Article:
Outsiders (WGN America) — 2 seasons — Set in the rural hills of Kentucky, this drama followed a family who live isolated from modern society and control a mountain that's rich in coal. The show starred "St. Elsewhere's" David Morse and was produced by Paul Giamatti. WGN America canceled it after two seasons.
Rogue (Audience Network) — 4 seasons — "Westworld" co-star Thandie Newton starred in this gritty police drama on DirecTV's Audience Network for its first two seasons. The show ends with its fourth season in 2017.
Mercy Street (PBS) — 2 seasons — A historical drama set in a Civil War hospital that caters to soldiers from both sites, this show was canceled by PBS after two seasons. The final episode aired on March 5, 2017. The show was executive produced by Ridley Scott.
Teen Wolf (MTV) — 6 seasons — Loosely based on the Michael J. Fox movie from 1985, MTV's "Teen Wolf" followed a kid who becomes a werewolf and is forced to live a double life. The show was better reviewed than most of MTV's original series and was a ratings hit for the network. It will end in 2017 after six seasons.
Pretty Little Liars (Freeform) — 7 seasons — One of the most popular shows for ABC Family (now Freeform), "Pretty Little Liars" has remained a hit in terms of ratings and social media engagement since its premiere in 2010. The series followed a group of teen girls dealing with the fallout of the apparent murder of a mutual friend. During its run, the show produced a short-lived spin-off called "Ravenswood."
Regular Show (Cartoon Network) — 8 seasons — Despite its unassuming title, "Regular Show" picked up a loyal fanbase in seven years thanks to its ridiculous characters and storylines. The show was acclaimed by critics for being consistently funny and offbeat. It won an Emmy Award during its run. Its final episode aired in January.
Time After Time (ABC) — 1 season — Based on the 1979 novel and movie of the same title, "Time After Time" followed an elaborate time-travel plot involving H.G. Wells and Jack the Ripper. The show was canceled by ABC after just five episodes.
Bones (Fox) — 12 seasons — One of Fox's longest running shows, "Bones" aired its 246th—and final—episode in 2017. The show earned a pair of Emmy nominations during its run and produced a short-lived spin-off called "The Finder."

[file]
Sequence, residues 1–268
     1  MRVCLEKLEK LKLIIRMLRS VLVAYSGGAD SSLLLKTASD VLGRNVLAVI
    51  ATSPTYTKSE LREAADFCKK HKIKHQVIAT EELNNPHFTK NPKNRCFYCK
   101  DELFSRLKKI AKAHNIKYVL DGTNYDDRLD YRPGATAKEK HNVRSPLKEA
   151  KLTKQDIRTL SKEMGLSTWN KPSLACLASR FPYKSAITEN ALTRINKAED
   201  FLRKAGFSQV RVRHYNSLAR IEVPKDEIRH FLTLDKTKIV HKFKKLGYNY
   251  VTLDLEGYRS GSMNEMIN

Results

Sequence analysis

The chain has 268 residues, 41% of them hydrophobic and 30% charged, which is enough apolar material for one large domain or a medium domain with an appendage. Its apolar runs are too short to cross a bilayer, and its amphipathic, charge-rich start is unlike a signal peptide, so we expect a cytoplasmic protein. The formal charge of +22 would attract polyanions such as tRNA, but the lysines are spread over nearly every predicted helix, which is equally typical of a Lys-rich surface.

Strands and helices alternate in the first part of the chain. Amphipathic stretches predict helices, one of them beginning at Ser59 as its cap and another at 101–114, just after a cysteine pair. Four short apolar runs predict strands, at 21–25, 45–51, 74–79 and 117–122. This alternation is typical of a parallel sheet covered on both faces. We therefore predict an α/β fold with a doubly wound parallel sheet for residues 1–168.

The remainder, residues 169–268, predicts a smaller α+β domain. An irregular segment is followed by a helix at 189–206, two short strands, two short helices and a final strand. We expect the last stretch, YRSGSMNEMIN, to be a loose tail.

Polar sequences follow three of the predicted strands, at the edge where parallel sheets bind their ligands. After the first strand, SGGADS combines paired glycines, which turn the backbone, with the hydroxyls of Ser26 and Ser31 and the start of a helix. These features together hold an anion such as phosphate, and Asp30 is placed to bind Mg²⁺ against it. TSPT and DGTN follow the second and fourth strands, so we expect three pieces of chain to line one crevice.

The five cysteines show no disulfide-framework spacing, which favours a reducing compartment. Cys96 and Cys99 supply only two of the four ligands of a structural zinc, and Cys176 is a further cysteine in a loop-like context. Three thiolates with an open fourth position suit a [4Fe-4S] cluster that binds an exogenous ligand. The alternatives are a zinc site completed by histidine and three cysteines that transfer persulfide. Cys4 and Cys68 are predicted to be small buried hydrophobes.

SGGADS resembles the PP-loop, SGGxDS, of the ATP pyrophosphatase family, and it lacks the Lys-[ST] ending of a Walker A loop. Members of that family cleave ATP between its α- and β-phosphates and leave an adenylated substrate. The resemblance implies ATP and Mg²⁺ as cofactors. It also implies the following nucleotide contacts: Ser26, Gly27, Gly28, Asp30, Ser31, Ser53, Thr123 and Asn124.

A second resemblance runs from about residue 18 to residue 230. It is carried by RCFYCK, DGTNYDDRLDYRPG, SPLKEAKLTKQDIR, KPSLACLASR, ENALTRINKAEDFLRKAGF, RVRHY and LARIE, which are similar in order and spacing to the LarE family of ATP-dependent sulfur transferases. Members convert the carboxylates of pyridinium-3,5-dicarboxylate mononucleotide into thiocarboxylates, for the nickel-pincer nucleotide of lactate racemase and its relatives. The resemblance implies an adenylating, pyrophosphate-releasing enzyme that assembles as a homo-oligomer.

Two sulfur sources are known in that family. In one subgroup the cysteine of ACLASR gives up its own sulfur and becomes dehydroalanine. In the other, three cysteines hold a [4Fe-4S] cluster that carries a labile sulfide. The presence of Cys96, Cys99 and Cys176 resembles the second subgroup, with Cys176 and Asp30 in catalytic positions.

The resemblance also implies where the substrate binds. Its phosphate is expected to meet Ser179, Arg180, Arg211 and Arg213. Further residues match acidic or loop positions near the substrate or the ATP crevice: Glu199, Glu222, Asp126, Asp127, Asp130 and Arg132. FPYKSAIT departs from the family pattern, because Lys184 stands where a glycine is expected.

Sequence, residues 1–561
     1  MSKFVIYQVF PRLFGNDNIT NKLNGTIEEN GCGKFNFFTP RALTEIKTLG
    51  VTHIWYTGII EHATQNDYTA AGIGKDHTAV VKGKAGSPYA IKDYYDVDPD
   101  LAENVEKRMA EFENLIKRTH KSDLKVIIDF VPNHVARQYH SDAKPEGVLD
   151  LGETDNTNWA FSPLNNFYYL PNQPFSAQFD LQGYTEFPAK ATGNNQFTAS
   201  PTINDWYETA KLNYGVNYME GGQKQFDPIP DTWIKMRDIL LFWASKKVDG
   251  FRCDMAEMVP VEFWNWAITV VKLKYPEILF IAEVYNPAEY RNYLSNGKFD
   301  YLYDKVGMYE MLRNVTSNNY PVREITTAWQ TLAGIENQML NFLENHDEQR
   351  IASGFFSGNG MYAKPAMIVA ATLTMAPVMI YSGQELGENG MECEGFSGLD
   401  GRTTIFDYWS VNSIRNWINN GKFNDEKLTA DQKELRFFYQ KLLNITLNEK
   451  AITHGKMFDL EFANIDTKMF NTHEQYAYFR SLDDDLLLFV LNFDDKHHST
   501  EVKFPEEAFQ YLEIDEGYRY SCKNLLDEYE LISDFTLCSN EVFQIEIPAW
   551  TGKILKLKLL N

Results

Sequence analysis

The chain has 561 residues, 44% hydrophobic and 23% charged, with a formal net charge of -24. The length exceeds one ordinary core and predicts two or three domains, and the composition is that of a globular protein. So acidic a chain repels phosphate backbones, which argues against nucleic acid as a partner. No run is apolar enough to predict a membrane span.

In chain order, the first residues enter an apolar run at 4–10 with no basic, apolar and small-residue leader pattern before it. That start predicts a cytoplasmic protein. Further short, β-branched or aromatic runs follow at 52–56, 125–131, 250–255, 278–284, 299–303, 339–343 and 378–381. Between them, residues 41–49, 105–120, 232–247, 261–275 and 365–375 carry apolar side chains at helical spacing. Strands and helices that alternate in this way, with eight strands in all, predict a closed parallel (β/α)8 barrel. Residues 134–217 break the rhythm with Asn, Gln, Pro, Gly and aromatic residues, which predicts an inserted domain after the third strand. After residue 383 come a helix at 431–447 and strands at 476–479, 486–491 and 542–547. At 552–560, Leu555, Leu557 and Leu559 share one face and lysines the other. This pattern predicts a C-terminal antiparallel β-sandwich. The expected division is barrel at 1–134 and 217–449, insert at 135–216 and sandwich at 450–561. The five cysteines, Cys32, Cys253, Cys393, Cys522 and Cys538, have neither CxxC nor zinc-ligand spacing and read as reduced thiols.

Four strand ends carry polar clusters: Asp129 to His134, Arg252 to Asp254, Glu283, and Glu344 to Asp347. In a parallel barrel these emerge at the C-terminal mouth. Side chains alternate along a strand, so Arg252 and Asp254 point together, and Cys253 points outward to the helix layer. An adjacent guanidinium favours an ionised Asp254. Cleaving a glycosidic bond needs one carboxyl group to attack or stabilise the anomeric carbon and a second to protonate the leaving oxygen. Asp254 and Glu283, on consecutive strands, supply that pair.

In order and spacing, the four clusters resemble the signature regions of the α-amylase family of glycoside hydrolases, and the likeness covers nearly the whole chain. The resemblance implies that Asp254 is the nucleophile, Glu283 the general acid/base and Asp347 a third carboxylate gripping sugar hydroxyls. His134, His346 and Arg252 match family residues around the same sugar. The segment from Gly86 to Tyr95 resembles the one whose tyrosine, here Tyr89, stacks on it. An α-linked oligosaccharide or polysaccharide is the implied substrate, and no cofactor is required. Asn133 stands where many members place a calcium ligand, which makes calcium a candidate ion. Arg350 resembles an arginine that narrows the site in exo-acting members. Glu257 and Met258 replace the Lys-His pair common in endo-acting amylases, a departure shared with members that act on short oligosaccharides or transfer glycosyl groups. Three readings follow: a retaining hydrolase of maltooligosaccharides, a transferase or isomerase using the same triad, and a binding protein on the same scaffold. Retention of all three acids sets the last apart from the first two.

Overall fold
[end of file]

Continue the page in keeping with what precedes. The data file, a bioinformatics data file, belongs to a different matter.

Incorporated (SyFy) — 1 season — A futuristic drama set in dystopian Milwaukee, this show was axed by Syfy after a short 10-episode first season. It's executive producers included Matt Damon and Ben Affleck and its cast included "24's" Dennis Haysbert but it apparently never picked up a big enough audience to match its lofty production values.
Grimm (NBC) — 6 seasons — This police procedural set in the world of Grimms' Fairy Tales ran for six seasons and 123 episodes before wrapping up this year.
Kingdom (Audience Network) — 3 seasons — This drama, about a family that runs an MMA gym, aired on DirecTV's Audience Network for three seasons, the last of which will air this year. The show co-starred Nick Jonas as the family's complicated young son.
Man Seeking Woman (FX) — 3 seasons — Despite positive reviews, this bizarre comedy was nixed by FX after a three season run. It was executive produced by "Saturday Night Live" creator Lorne Michaels.
Longmire (Netflix) — 6 seasons — Another show that Netflix rescued from cancelation, "Longmire" first aired on A&E for three seasons before being picked up by the streaming service. The show, which follows fictional Wyoming sheriff Walt Longmire, will air its final season this year.
Hand of God (Amazon) — 2 seasons — This show about a judge who believes he's a divine instrument of vigilante justice was scrapped by Amazon after two seasons. The series starred "Hellboy" actor Ron Perlman and earned mixed reviews.
Halt and Catch Fire (AMC) — 4 seasons — This stylistic show set in the world of the 1980s personal computer revolution will air its final season this year. The show has been critically acclaimed during its run.
Doubt (CBS) — 1 season — One of the few shows to be canceled by a network in 2017, "Doubt," a legal drama starring Katherine Heigl and Laverne Cox, was axed after only two episodes had aired. The first season's other 11 episodes have yet to be seen.
Conviction (ABC) — 1 season — After Hayley Atwell's ABC show "Agent Carter" was canceled in 2016, the network immediately set her up with a new starring role in "Conviction." Unfortunately, the legal drama was canceled after only a handful of episodes had aired.
Episodes (Showtime) — 4 seasons — After four seasons and plenty of critical praise, Matt LeBlanc's Showtime series "Episodes" will air its final episodes this year. LeBlanc plays a fictional version of himself in the show, which was co-created by the co-creator of "Friends." The show also aired in the United Kingdom on BBC Two.
Black Sail (Starz) — 4 seasons — A prequel to "Treasure Island," this show about cutthroat pirates ended its four-season run in 2017. The show's production values were hailed, earning it multiple Creative Arts Emmys wins.
Mary + Jane (MTV) — 1 season — This comedy, about a pair of young women who start a marijuana delivery service in L.A., was canceled after one season. The show was produced by Snoop Dogg.